December 31st, 2010
Lobsters are invertebrates – they have a hard external shell or exoskeleton. A lobster can live for up to 15 years, females reproduce from about 5 years old and produce up to 80,000 eggs at a time, once every two years.
Cooking a lobster:
Lobsters are normally boiled, then the meat is removed and combined with some kind of sauce, including the likes of, cheese, butter, sherry and eggs.
Traditionally lobsters are killed and cooked by dropping them into boiling water. They don’t have brains in the way we think of them, they do have a nervous system with two processing centres, but simply putting a knife through a lobster’s head isn’t a sure fire way of dispatching it quickly. The RSPCA recommend putting lobsters into a freezer for a couple of hours – they are used to living in quite cold water and in a freezer they should just go to sleep and die.
From the freezer, defrost your lobster and put it into a large pot of boiling, salted, water for about 15 minutes, up to a 2lb lobster – add 5 minutes per pound thereafter. Drain your lobsters when cooked, rinse them in water and allow them to cool. Make sure you don’t remove the rubber bands on a lobster’s claws, even when docile from the fridge, they can give you a very nasty pinch.
If you wish to grill your lobster meat and sauce in half a shell, then you need to carefully cut the lobster in two (see here for pictures), remove the meat, clean the shell and then put the meat and sauce back in before grilling. If you are going to bake or grill your lobster in a baking tray, then there’s no need to be so careful about opening the shell. If you remove the tail like a prawn, you can remove the tail meat in one piece. Crack open the claws and legs – you’ll find that a nut cracker is very good for this and there are some little metal poking tools (I bought a pack of 6 in France for a few Euros) that you can buy which really help in removing meat from the legs. There’s more meat in the body, the red roe (eggs) are edible too, as is the green liver (though some people don’t like it). Discard the green, feather like, gills. If you remove all the meat and cook it in a dish, it gets a lot less messy at the dining table, plus the meat from the claws is served in a sauce, rather than plain.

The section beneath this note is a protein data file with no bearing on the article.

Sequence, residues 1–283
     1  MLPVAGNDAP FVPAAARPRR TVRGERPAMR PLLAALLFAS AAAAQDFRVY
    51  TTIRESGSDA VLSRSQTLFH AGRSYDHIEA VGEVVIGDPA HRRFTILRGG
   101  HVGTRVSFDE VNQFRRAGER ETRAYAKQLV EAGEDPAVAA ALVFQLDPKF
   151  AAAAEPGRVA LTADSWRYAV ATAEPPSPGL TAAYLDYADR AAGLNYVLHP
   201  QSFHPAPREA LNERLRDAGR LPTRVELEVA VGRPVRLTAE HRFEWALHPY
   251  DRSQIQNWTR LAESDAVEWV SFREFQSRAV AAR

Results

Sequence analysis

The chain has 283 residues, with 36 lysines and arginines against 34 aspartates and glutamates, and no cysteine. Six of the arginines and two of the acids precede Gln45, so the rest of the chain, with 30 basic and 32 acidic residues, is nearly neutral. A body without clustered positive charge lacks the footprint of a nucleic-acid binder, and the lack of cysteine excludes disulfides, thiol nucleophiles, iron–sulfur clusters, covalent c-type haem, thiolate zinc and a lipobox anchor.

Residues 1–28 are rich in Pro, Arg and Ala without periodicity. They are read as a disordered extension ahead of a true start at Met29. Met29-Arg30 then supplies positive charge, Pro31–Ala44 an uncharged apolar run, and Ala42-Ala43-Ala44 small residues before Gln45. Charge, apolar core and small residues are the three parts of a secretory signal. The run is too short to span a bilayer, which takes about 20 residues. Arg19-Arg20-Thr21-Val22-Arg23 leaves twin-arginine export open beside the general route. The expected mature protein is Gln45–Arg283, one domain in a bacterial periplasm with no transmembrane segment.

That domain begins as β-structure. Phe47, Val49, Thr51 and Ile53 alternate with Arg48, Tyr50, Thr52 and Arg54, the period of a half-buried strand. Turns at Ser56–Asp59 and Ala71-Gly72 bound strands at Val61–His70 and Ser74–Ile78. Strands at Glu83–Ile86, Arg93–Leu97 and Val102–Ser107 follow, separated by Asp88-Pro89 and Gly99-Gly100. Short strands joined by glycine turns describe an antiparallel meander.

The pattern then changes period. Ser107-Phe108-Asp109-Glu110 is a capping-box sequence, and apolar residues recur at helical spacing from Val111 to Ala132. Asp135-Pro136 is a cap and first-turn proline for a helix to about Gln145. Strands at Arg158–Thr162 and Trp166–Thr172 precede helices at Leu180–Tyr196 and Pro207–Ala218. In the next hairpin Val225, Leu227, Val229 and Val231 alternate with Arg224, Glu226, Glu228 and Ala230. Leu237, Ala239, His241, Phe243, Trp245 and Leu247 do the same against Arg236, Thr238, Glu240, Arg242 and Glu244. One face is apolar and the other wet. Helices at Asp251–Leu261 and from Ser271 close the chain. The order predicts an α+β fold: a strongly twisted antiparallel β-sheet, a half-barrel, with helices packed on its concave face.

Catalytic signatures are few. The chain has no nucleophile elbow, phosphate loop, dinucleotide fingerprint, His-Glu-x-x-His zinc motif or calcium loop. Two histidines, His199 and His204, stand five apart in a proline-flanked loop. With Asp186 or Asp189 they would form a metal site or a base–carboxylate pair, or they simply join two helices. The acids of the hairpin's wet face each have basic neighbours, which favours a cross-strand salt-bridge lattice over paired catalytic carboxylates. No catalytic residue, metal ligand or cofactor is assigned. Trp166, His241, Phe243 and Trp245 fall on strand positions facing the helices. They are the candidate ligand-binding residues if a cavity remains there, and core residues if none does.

Lobster in cheese sauce recipe:
1 pint of milk
40g plain flour
6 black peppercorns
1 blade of mace
1 bay leaf
a slice of onion
2 carrot peelings
150g grated cheddar
50g grated parmesan
1 teaspoon of mustard powder
a pinch of salt
a sprinkle of cayenne pepper
Put the milk in a saucepan and add the pepper corns, mace, bay leaf, onion and carrot. Warm the milk up but don’t bring it all the way to boiling. Allow to cool. Once the milk has cooled strain and discard the additional ingredients.
Make a roux by warming the butter in a clean saucepan. Once it has melted, slowly add the flour and keep stirring. When the butter and flour have combined to make a paste, slowly add the milk (note, this doesn’t work well with warm milk, so do allow it to cool) and stir all the time so you don’t get any lumps. When you have a smooth sauce, slowly mix in your cheese. Finally, when the cheese has all dissolved, add your mustard and stir it in.
If you are grilling the lobster in the shell, mix the meat into the cheese sauce and pour the mixture back into the shell. Sprinkle with a little cayenne pepper and grill until the sauce bubbles, like cheese on toast.
To bake the lobster in cheese sauce, place the lobster meat into a greased (with butter) oven dish and pour the cheese sauce over the top. Sprinkle with a little cayenne pepper and bake at 20º C for about 30 minutes or until the cheese is a golden brown on top. You could also grill this, being careful not to burn the cheese.
Lobster in cheese sauce goes well with sauté potatoes and broccoli. I suggest using one lobster per person and making the cheese sauce quite thick, as liquid contained inside the lobster meat will thin the sauce during cooking.